Encouraging ArticlesEnhance your vision and style with fresh insights
Opposite is an alternative to the feature picture above. In this composition the light tone at the middle right is removed leaving a distraction in the background.
Right – A Flamenco bar in Granada, Southern Spain
This type of location will always provide a challenge for the photographer looking for a sympathetic background and helpful lighting. The challenge is to abstract meaning from the whole that still has meaning to the viewer.
The word “background” could also mean:
Ignore the background at your peril
Backgrounds simply put will either make or break your picture. The number of times I have thought “right subject, wrong background” are too many to count. Backgrounds are so important they are a deal breaker between the photographer, the subject and the viewer.
Camera Position – controlling picture backgrounds
The camera position in terms of height and lateral movement may require fine tuning to hide a distraction in the background behind a foreground subject. You may only need to move a few centimetres to your left or right to make a light toned the background disappear behind the larger foreground subject.
In many situations the background should be the first consideration, for example when doing product shots or illustrative pictures where you do not want the background to conflict with the subject.
Changing Camera position – controlling picture backgrounds
There is of course the possibility that you do not have the opportunity to change the background by moving the camera viewpoint position. There is always the cliched joke about the camera club judge saying this picture would have been better taken 3 feet the left and the photographer replying 3 feet to the left would have been over the cliff edge. So it is not always possible when it is worth investigating.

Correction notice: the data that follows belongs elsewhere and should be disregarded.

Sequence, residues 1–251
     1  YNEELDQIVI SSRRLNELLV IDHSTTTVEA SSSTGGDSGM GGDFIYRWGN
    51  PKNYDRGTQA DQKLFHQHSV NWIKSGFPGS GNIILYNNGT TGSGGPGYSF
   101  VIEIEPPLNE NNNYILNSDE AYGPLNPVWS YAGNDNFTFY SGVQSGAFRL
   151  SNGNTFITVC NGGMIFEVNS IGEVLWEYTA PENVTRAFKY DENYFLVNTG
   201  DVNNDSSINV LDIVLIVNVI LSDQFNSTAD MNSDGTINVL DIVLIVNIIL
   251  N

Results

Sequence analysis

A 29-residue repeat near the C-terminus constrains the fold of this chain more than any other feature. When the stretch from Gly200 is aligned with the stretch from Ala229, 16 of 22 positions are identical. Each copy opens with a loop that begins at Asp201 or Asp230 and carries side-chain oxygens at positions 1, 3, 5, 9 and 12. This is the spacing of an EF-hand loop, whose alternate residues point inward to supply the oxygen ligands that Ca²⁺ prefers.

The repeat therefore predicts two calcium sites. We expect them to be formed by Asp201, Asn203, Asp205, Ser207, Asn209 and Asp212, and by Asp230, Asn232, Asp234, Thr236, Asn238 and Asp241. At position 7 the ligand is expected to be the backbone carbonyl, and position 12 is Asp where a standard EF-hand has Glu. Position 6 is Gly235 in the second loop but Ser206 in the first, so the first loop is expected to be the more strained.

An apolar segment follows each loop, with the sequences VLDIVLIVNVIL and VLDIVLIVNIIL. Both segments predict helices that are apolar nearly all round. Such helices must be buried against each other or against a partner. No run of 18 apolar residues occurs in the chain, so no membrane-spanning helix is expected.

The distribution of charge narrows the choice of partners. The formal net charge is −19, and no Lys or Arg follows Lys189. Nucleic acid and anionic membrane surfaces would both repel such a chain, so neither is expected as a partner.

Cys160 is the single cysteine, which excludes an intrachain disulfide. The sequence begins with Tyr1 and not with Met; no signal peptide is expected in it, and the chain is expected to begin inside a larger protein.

What is your Intent for the picture, how are you going to control picture backgrounds?
The background for pictures of the descriptive reality type is likely to be exactly as found without any intervening or tidying by the photographer, to tell the truth in a most complete and candid way. With an interpretative picture the photographer will make a picture that is the expression of what they saw and felt at the taking stage plus potential post-processing to aid the look to be achieved.
The camera position and angle of view by necessity dictate the background.
Walkers in Granada, Spain 2014
This pair of pictures demonstrates differing vision and intent on behalf of the photographer. The first, is a romantic predetermined de-focussing to record shapes, colour – an interpretation. The second intent is descriptive reality, a very specific leading of the eye to a couple who are easily identifiable.
The 4 things you need to know about controlling picture backgrounds
This approach to controlling backgrounds will be helpful in making the right decisions whether to: press the button and take the picture; find a new viewpoint or walk on by.
1) Is this particular background necessary to help make an effective picture with emotional impact?
2) Is there a more appropriate background from a different viewpoint of the same subject?
3) If the background is integral to the picture, how much depth of field is required to draw the foreground and background together?
4) Is it possible to blur the background with Depth of Field to remove distractions, if required?
Embedding Skill Exercise – Controlling picture backgrounds
Street photography is a great way to learn about appropriate backgrounds. Take a series of shots in an urban situation with the aim of the bringing the foreground and background of the shot together to help tell a story.
The background is an equal and integral part of the pictures message to the viewer.
If the subject is right but the background is not helping, look for a different viewpoint to supply a more sympathetic background.
Changing the background by moving to a different viewpoint and the meaning of the picture may also be transformed.
How to fine-tune a viewpoint
Quite often the first viewpoint you choose may not be the best one for the most effective and expressive picture. Having found the optimum viewpoint (one among many possibilities to you), it will usually need fine tuning. Very often a small change in the position of the camera from left to right, up or down can have a quite dramatic influence the effectiveness of the picture. One of the aims of fine tuning is to make life easier in the post-processing by looking at the edges and corners of the pictures to ensure there are no hidden gremlins waiting to be cropped out later in the process.
Photography is the art of leaving things out, it is a subtractive composition.
ABC of CameraWork Core Content
You may also be interested in these encouraging articles…
Breaking the link
Breaking the imaginary link between the file and the print
Why is an F of the RPS so desired?
You only take the pictures you recognise